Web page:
Dad transforms daughter's bed into Parliament Hill's Centre Block
Robert Coleman spent a year transforming his daughter's bunk bed into a replica of Parliament Hill's Centre Block building. (Robert Coleman)
TORONTO -- It may not be a race car or a fairytale castle, but a three-year-old girl can now be the prime minister of her very own Centre Block bed, thanks to her father’s talent for woodworking.
“I’m just a nerd with some tools,” Robert Coleman said with a laugh during a phone interview with CTVNews.ca on Thursday.
Using one-centimetre thick plywood, the Ottawa public servant transformed his daughter’s IKEA bunk bed into an impressive replica of Parliament Hill’s iconic Centre Block building.
“I like to do fun woodwork projects. It’s kind of my hobby,” Coleman explained. “I saw some castle-bed type things that had a slide and a staircase and various elaborate things and I thought about doing something like that.
“I thought ‘Well, how can I personalize this and make it kind of fun and different?’”
Now if the historic building containing the House of Commons and Senate chambers seems like an odd choice for a three-year-old girl, who, Coleman admits, has yet to comprehend the concept of parliamentary democracy, the father-of-two provided a simple explanation.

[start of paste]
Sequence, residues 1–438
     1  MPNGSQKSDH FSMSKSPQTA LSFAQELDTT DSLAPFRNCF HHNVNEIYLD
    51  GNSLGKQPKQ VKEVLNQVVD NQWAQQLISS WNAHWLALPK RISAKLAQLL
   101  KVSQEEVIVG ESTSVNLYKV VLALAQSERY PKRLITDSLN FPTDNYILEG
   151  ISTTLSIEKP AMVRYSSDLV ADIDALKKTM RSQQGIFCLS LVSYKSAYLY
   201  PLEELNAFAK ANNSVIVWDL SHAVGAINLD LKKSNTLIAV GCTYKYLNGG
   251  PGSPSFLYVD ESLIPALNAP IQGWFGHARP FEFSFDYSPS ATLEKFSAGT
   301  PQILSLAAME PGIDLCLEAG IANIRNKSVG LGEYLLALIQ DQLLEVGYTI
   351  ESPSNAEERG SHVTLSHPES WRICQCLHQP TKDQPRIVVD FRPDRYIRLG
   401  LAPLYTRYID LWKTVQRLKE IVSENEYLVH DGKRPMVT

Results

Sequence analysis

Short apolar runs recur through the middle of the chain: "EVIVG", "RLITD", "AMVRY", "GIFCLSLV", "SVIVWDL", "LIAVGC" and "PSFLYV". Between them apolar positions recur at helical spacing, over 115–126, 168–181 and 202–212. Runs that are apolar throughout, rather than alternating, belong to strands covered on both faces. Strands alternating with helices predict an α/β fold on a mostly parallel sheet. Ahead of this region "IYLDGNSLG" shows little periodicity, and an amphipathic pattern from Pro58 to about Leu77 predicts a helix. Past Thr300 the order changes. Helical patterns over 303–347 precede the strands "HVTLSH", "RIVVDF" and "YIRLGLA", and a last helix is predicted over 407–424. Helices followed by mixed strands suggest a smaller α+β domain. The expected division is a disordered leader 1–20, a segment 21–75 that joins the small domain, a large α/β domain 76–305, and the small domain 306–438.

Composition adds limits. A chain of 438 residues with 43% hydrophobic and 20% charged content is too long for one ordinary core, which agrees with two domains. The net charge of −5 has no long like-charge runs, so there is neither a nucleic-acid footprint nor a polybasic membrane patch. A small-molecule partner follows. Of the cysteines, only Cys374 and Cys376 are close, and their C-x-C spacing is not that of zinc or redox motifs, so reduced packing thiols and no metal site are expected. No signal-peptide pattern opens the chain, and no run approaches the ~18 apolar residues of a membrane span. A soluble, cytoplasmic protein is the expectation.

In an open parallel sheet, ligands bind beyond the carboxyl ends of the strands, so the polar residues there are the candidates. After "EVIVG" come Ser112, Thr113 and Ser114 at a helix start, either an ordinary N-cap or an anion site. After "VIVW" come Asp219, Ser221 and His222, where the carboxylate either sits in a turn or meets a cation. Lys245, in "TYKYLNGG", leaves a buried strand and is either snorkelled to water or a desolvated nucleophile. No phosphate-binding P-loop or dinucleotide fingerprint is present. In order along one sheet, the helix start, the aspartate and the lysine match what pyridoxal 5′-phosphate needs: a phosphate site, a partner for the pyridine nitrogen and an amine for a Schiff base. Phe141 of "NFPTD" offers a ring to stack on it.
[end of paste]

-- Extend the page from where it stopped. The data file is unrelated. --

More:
“It’s just more fun than anything else,” he said. “She likes it. She calls it her castle.”
And while Parliament Hill’s Centre Block multibillion-dollar renovations are expected to take more than a decade to complete, Coleman said he was able to build his version in exactly a year.
Complete with a nook for his daughter’s “parliamentary library,” carvings of Canadian wildlife, and the iconic Peace Tower, the Centre Block bed is truly a sight to behold.
There are even four real clocks adorning the Peace Tower, but Coleman said he took the batteries out of them.
“They were just clicking away. It was like the opening scene of ‘Back to the Future’ and she doesn’t know how to tell the time,” he explained.
Coleman’s attention to detail is also apparent in the carved silhouette of a figure in one of the windows on the building’s third floor. He explained that it’s supposed to be the prime minister working in his office.
He did, however, take some artistic licence with the addition of a slide on one end of the building, but maybe that’s something politicians would embrace as a new means of travelling between floors once the renovations on the real thing are complete.
When asked if he has any plans to build another unique bed for his seven-month-old son (perhaps Rideau Hall or the Confederation Building?), Coleman said he’ll “cross that bridge when I get to it.”